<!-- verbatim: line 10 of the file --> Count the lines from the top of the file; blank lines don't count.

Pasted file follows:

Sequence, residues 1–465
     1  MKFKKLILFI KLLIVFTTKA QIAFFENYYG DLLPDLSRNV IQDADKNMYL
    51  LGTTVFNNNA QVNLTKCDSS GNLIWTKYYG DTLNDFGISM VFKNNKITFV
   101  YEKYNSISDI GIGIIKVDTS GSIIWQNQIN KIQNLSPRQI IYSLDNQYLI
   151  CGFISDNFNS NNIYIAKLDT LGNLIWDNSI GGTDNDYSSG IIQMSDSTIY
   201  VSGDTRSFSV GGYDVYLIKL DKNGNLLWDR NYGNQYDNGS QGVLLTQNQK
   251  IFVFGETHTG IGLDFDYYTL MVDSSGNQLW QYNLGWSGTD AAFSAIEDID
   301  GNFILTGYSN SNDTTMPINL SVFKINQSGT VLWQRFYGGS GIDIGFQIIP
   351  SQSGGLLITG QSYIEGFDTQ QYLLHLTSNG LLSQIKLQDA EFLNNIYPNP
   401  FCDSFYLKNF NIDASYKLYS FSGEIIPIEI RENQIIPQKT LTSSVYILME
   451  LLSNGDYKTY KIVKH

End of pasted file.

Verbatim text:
   401  FCDSFYLKNF NIDASYKLYS FSGEIIPIEI RENQIIPQKT LTSSVYILME